Prince has never been one to shy away from his eccentricities. The music icon cemented himself as entertainment royalty with his unique musical arrangements, sultry vocals, and his raw and vulnerable stage presence.
Perhaps one of Prince’s most honest moments he shared with fans before his untimely death in 2016 due to complications with prescription medicine, was his quiet battle with epilepsy.
“I’ve never spoken about this before, but I was born epileptic and I used to have seizures when I was young,” he told former talk-show host Tavis Smiley in 2009. “And my mother and father didn’t know what to do or how to handle it, but they did the best they could with what little they had.”
This may come as a surprise to many since the multi-talented artist exuded power and strength throughout his entire career, but epilepsy is more common than we probably realize.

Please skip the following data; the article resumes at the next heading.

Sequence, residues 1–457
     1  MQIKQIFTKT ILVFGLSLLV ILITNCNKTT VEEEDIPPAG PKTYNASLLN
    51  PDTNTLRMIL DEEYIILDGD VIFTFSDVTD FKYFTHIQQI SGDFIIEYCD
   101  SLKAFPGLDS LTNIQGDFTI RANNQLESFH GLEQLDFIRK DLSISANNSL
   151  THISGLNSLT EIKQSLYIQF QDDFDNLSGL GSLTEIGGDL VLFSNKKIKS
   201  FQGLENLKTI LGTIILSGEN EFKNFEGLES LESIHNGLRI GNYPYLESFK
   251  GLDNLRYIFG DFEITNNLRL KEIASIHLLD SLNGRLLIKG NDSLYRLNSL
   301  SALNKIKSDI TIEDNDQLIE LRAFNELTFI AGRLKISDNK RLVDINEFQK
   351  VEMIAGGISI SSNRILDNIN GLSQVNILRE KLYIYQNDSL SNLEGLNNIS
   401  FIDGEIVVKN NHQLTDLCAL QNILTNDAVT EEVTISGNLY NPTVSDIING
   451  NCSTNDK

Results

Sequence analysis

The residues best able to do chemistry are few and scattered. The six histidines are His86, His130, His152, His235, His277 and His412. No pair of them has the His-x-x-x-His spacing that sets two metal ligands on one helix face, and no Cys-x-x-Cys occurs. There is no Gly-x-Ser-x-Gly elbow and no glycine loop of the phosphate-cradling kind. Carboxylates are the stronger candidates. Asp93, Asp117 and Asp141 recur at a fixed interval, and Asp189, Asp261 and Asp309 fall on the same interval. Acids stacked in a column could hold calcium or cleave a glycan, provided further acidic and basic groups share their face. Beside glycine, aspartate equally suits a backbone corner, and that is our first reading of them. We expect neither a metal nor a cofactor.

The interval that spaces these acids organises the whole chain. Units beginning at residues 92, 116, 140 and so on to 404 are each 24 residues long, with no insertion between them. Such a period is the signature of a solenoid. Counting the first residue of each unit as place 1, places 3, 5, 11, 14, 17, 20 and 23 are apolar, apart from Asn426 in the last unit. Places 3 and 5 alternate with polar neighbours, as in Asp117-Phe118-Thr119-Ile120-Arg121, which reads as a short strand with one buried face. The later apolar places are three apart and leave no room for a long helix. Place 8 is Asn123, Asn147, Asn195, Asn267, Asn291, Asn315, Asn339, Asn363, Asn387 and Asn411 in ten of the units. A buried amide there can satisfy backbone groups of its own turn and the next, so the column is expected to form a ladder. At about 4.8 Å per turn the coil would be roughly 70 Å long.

The CDC reports that about 3.4 million people have epilepsy nationwide: 3 million adults and 470,000 children. According to the latest estimates, about 0.6% of children aged 0-17 years have active epilepsy. Think of a school with 1,000 students—this means about 6 of them could have epilepsy.
What is epilepsy?
Per the National Epilepsy Foundation, it is a neurological condition that affects the nervous system. Epilepsy is also known as a seizure disorder. It is usually diagnosed after a person has had at least two seizures (or after one seizure with a high risk for more) that were not caused by some known medical condition.
What are seizures?
Seizures seen in epilepsy are caused by disturbances in the electrical activity of the brain. The seizures in epilepsy may be related to a brain injury, genetics, immune, brain structure or metabolic cause, but most of the time the cause is unknown.
What are the symptoms?
Because epilepsy is caused by abnormal activity in the brain, seizures can affect any process your brain coordinates. Seizure signs and symptoms may include: